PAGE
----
Editor’s note: this piece was coauthored by Linnea Lueken and H. Sterling Burnett
Life sure is sweet for today’s global elites.
They blame problems they create on the working class. Then they impose rules and costs on the hoi polloi to solve said problems, which conveniently don’t apply to themselves. And, to top it off, they have the audacity to label themselves virtuous.
A perfect example of this abject hypocrisy was reported in the Irish Times this week. The paper notes that the European Union is considering a new minimum tax on aviation fuel to fight climate change by making it more expensive to travel—at least for average folks. It seems the EU commissars in Brussels believe that they and their globetrotting friends should be exempted from the tax.
Specifically, the EU is considering exempting cargo flights and private jet operators from onerous aviation fuel taxes, even though private jets emit more than 40 times as much carbon per passenger as commercial flights.
Yet, the people whose travels emit more of the dreaded carbon dioxide on a per capita basis, those who jet off in private planes to receive awards for their work saving the unwashed masses from climate change, are exempted from the tax. These people are the wealthiest of the wealthy, those who can most afford to pay more for the jet fuel filling their luxury jets’ tanks. Yet it is the poor, not them, who will be paying more. I guess we might call this “The Klaus Schwab exemption,” “the Prince Charles exemption,” “the Bill Gates exemption,” “the Nancy Pelosi exemption,” “the Mark Zuckerberg exemption,” or the “John Kerry exemption.”
Kerry, President Biden’s climate czar, once told a reporter who questioned why he took a private jet to a conference where he was receiving an award for his work on climate change, “it’s the only choice for a person like me.” In other words, Kerry meant, “I’m important, so my climate sins don’t count.” Indeed, an examination of the flight logs for Kerry’s private jet conducted by Fox News found that he spent more than 20 hours in the air during the previous year, emitting 25 times more carbon dioxide on these trips alone than the average passenger vehicle emits in a year.
Politicians, businessmen, and all who can afford to fly private, however, would not be taxed on their “dirty” jet fuel, whereas people traveling on commercial flights would be paying more to get home to see their family on holidays, or to attend a funeral, or when they head to or from school.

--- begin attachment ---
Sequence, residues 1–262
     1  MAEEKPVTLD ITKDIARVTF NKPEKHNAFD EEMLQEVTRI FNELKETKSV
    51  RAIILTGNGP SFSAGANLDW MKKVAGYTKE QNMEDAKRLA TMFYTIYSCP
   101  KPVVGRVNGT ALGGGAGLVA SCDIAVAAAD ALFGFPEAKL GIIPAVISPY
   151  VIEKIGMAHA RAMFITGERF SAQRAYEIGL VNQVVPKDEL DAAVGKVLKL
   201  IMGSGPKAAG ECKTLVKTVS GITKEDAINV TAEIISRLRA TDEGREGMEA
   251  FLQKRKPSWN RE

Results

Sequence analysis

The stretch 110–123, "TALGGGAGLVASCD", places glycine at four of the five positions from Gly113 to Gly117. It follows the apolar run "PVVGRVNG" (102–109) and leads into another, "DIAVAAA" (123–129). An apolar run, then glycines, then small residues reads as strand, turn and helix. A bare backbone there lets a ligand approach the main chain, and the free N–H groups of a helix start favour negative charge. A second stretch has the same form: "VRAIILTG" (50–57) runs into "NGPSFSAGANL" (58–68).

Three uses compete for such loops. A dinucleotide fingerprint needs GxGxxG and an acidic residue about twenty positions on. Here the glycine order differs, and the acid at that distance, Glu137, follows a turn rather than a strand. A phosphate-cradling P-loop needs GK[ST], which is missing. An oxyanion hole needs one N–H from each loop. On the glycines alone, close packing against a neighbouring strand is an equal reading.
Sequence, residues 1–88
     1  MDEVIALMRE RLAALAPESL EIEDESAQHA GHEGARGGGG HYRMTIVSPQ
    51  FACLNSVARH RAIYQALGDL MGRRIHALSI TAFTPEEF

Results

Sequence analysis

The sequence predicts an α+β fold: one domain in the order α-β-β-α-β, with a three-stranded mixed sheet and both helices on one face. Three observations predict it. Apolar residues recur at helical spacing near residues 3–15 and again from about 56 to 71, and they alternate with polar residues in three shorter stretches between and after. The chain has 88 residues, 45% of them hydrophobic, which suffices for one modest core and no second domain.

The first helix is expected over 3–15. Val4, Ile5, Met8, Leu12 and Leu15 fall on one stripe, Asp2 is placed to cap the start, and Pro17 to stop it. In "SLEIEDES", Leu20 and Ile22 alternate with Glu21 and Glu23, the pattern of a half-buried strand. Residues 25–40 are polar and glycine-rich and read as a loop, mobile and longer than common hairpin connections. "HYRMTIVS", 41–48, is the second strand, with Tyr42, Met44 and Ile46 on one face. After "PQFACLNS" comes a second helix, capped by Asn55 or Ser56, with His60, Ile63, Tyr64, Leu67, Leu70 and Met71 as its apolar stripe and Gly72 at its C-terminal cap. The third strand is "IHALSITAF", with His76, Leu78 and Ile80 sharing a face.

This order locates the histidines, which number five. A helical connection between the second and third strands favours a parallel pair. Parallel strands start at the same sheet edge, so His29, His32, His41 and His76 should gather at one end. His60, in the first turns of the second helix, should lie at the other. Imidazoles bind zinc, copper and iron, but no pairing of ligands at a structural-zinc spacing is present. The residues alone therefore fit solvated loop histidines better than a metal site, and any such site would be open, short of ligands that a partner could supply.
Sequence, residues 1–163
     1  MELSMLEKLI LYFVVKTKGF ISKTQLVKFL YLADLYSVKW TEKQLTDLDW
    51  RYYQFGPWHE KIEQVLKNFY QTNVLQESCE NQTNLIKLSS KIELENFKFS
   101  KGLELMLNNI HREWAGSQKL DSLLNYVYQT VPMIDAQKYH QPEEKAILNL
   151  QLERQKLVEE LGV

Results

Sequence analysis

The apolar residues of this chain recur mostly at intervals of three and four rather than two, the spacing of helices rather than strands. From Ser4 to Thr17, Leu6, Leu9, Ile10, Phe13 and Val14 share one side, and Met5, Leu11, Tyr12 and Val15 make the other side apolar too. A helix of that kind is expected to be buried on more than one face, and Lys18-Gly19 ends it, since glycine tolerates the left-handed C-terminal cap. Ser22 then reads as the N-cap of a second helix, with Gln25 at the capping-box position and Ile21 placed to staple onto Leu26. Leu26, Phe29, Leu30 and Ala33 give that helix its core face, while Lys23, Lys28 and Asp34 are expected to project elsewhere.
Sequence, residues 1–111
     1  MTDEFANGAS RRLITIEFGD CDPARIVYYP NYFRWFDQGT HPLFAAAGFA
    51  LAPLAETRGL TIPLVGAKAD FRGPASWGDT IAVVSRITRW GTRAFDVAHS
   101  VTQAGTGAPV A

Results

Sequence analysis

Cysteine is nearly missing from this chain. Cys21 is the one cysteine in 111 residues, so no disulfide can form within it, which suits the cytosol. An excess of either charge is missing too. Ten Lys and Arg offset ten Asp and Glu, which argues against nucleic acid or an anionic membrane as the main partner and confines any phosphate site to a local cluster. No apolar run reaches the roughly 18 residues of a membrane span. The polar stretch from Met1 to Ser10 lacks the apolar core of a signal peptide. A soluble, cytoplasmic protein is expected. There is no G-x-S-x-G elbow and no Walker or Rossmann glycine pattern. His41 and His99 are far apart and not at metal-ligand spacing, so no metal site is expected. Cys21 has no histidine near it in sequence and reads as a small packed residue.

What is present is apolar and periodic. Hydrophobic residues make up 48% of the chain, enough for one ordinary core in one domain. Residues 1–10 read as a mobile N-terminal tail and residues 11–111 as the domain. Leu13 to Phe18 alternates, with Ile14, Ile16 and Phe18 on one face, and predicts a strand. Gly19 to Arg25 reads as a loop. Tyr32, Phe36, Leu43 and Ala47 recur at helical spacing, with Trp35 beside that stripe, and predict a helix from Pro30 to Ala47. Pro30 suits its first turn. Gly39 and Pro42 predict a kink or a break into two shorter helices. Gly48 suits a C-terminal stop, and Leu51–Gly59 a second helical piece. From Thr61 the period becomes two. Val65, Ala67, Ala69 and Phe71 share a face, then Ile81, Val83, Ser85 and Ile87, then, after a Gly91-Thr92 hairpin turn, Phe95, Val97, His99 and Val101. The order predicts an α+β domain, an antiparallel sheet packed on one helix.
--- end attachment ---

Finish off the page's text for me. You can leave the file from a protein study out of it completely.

More bad news for the masses stems from the fact that the draft plan doesn’t specify what the “final rate” could end up being. What the plan does indicate is that the minimum tax on poor travelers would increase gradually over a 10-year period.
Allegedly, the tax is intended to make airlines switch to “sustainable” fuels, which are more expensive than normal aviation fuel. Like other schemes dreamed up by global elites to force a switch to supposedly green energy, this presents a catch-22 for non-elites—just because you make the normal fuel cost more does not mean the “greener” alternative costs less.
If the tax is implemented, the result will be that flying commercial will become even more expensive, perhaps prohibitively so, for common folk—and the elites are more than happy with that.
Here’s a novel idea: How about the EU and other governing bodies considering similar taxes, impose the aviation fuel taxes on private jets or mandate that they only be run on so called green fuels? Make the wealthy pay their “fair share” to fight climate change, rather than making average folks bear the burden.
Elites claim, of course, people (excluding them, evidently) need to make sacrifices in order to save the planet from catastrophic climate change, driven by our CO2 emissions. Because aviation is a large emitter, it makes seems to sense to go after it. However, real-world data does not show that climate change is an existential—or even major—threat.
When travel was shut down almost entirely during the throes of the COVID-19 pandemic, there was not even a noticeable blip in the rise of atmospheric CO2 concentration as measured at Mauna Loa. There is no reason to suspect taxing average working families on their air travel, while exempting the rich and powerful on theirs, would reverse this.
What is good for the goose is good for the gander; if it’s vital to the health of the planet that we tax aviation fuel (it’s not), then it makes absolutely no sense that private jets and cargo flights should be excluded. Unless, of course, it’s not about saving the planet at all.
Linnea Lueken (email@example.com) is a research fellow with and H. Sterling Burnett, Ph.D., (firstname.lastname@example.org) is the director of the Arthur B. Robinson Center on Climate and Environmental Policy at The Heartland Institute.